Preparatory sketch for Last Supper Installation Project
This thing said, when i showed this drawing to my art teacher Jean-Pierre Muller, he encouraged me to reproduce some of my sketches in large formats (he proposed lithography but i'm more confortable with silkscreen) so i could make a little money and finance these onerous installation projects . . . (like land-artist Cristo did).
What I’ve also shown at Expo Sans Doute was a twisted thermic UberEats bag, on which one could read 'ÜberMensch', from German “beyond-” or “super-human”. The wordplay/pun refers to Nietzsche's philosophical concept which among its field of significations, also depicts a human archetype that is both a saint and a genius. This intervention on a food delivery coursier’s working tool and uniform thus ironically define gig-workers as geniuses and heroes, while society discredits and underestimates gig-economy jobs.
Also, transhumanist philosophers use the term Ubermensch to coin the augmentation and transformation of human body and condition through technology. In the cases of food delivery coursiers, informatics and communicational technologies with smartphones and geolocalisation are the digital prostheses extending their body. I don’t know about you, but sometimes i feel like food delivery coursiers, with their flashy/poppy working uniforms and sculptural backbags look like space travelers from the future.
Silskscreen print and spray paint on fabric, thermic food delivery bag
Silskscreen print and spray paint on fabric, thermic food delivery bag
I am planning to disguise myself once more as a delivery guy, with the twisted bag and jacket, both in public spaces (to re-iterate these everyday/common situations in city streets) but also in institutiuonnal context like fancy art shows openings and see how people would react.
Food delivery coursiers in a white cube, 2020
Color pencil and felt pen on A4 paper
Since the Deliveroo twist and wordplay to "délivrez-nous" had religious and Catholic connotations, i thought i would stick to this registre for new wordplays and puns for UberEats and Takeaway (which are the three main delivery platforms competing with one another in EU metropolis). In the end, i would have a sort of trilogy and trinity.
Twisted logos from food delivery brands
Finally I’ve found 2nd hand Takeaway.com uniforms like impermeable jackets, hoodies and cap at good price. Yet I am still struggling to find a thermic back-bag since food delivery coursiers from Takeaway must pick it up and return it back after each shift, to a warehouse located in north of Brussels. Same with promotional orange Takeaway bicycles.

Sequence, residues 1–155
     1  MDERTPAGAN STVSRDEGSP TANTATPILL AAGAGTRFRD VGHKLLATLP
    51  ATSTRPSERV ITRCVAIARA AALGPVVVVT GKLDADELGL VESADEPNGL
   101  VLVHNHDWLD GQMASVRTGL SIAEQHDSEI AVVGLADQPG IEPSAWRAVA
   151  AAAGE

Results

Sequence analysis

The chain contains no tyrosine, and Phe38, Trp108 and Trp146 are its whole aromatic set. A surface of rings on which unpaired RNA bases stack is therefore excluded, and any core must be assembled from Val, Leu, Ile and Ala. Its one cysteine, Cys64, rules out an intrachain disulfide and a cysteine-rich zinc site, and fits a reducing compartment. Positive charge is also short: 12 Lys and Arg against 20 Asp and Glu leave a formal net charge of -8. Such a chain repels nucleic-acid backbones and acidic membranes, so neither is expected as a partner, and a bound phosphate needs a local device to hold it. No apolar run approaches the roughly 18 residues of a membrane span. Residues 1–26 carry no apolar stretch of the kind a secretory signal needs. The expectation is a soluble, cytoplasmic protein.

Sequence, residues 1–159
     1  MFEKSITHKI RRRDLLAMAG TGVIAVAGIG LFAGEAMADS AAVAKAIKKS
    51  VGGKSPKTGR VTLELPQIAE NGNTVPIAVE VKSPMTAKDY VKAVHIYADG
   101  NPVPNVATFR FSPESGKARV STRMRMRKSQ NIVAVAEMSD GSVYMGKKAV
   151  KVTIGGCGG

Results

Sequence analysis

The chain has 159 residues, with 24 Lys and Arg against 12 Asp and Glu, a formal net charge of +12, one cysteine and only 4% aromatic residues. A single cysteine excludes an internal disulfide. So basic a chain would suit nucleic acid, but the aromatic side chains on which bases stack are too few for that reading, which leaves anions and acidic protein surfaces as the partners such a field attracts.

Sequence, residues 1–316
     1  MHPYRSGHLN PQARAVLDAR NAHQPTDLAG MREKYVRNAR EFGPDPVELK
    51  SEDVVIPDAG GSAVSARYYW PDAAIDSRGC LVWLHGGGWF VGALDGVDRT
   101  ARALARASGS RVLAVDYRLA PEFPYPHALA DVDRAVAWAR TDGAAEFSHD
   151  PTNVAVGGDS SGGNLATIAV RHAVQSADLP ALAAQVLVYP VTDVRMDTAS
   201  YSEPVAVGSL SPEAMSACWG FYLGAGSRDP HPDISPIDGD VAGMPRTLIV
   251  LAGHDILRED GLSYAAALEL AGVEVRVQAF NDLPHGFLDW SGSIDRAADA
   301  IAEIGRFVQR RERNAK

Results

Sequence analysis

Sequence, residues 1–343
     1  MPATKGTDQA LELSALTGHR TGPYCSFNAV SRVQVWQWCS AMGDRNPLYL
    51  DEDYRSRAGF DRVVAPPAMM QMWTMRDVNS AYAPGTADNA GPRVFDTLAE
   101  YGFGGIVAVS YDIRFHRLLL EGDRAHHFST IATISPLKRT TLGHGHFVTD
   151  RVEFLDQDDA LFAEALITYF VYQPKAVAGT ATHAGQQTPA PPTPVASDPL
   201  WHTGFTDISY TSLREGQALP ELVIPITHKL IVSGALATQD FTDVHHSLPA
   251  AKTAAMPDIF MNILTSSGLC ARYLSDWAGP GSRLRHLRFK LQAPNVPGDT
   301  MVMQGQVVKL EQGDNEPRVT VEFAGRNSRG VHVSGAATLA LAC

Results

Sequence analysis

I also struggled to find an orange fabric in Brussels that was the exact same color as Takeaway. So what I did was that I painted a blank white fabric with acrylic paint, screen printed the twisted logo on top of it and sued it back with the rest of the jacket. But i think that for better discretion, I must find a uni/blank orange jacket and cap and make them printed at digital print shops with vinyl thermic prints.
I also pay close attention to how food delivery brands make advertising, depending on the city. For instances, in Brussels, only Takeaway.com makes advertising campaigns through outdoor panels but also on the internet, with targeted ads on YouTube and Instagram (stories and newsfeed). UberEats and Deliveroo also did video advertising campaigns on the internet and television, but apparently not in the BENELUX area, neither in France and rest of Europe. I should do some researches about that.
Takeaway.com outdoor Ads in Brussels’ city streets
Since the lockdown, i'm seeing the same Takeaway.com ad on my Instagram newsfeed and between Stories. They start the ad by evoking the global unusual situation due to COVID-19 pandemic, but assure customers to deliver ‘tastes’ and ‘savors of normality'. Through this advertising, they claim that food abundance and the luxury/caprice of having one's food delivered at home is something normal.
Takeaway.com targetted advertising since March 2020 between Instagram Stories.